BWAHAhahahahahahhahahaha, you appreciate facts, when you constantly mangle and ignore them? You don’t appreciate facts when they refute your sorry ass, and have presented no evidence that a “well regulated militia” doesn’t require organization and meetings. You have just asserted without citation that is the case, which means *POOF*, your assertion can be dismissed as nonsense. Your history is lying and bullshitting. So you must show evidence, or shut the fuck up.

    Actually, when you get to figures you’re comfortable with, do your own penetrating scientific analysis. I’d like to hear that first.

    Who gives a shit what an abject and dishonest all the way down liar and bullshitter like yourself thinks? YOU DON’T THINK AND APPRECIATE REAL EVIDENCE.

  165. Rev. BigDumbChimp says

    Risks and Benefits of a Gun in the Home

    Abstract

    This article summarizes the scientific literature on the health risks and benefits of having a gun in the home for the gun owner and his/her family. For most contemporary Americans, scientific studies indicate that the health risk of a gun in the home is greater than the benefit. The evidence is overwhelming for the fact that a gun in the home is a risk factor for completed suicide and that gun accidents are most likely to occur in homes with guns. There is compelling evidence that a gun in the home is a risk factor for intimidation and for killing women in their homes. On the benefit side, there are fewer studies, and there is no credible evidence of a deterrent effect of firearms or that a gun in the home reduces the likelihood or severity of injury during an altercation or break-in. Thus, groups such as the American Academy of Pediatrics urge parents not to have guns in the home.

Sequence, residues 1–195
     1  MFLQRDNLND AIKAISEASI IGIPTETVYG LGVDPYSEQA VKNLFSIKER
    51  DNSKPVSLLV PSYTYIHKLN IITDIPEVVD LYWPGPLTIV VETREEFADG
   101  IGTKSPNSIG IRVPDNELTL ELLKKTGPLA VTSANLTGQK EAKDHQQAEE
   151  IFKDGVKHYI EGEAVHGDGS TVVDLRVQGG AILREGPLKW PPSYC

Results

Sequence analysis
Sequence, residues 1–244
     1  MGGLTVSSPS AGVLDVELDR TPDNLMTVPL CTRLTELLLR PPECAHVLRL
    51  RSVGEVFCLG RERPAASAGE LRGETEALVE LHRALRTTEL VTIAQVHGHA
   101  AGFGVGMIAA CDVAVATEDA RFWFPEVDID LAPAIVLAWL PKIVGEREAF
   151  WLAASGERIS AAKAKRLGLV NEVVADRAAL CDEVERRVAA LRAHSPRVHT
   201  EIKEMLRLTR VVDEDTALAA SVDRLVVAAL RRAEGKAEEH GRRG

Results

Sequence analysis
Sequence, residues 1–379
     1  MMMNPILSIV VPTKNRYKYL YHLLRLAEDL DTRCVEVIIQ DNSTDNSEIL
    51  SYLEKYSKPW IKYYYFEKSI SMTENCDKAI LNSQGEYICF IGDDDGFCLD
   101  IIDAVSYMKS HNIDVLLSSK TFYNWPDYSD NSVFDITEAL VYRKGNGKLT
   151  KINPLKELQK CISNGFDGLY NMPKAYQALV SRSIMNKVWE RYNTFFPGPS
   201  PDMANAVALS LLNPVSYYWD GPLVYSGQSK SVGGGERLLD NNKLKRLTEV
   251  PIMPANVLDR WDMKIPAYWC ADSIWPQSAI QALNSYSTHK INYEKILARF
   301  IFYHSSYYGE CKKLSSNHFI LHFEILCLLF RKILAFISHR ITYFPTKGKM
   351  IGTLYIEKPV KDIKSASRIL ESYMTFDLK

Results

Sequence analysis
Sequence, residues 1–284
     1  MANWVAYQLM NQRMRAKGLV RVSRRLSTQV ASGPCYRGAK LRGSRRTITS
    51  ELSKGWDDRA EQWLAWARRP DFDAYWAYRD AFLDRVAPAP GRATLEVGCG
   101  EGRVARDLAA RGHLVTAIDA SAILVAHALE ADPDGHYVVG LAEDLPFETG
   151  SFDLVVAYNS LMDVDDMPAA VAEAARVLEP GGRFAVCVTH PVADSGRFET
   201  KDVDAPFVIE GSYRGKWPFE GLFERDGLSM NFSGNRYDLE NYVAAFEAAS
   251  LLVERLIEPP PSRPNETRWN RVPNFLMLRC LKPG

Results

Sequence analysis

166. Rev. BigDumbChimp says

    The association between changes in household firearm ownership and rates of suicide in the United States, 1981–2002

    Abstract
    Objective: To explore whether recent declines in household firearm prevalence in the United States were associated with changes in rates of suicide for men, women, and children.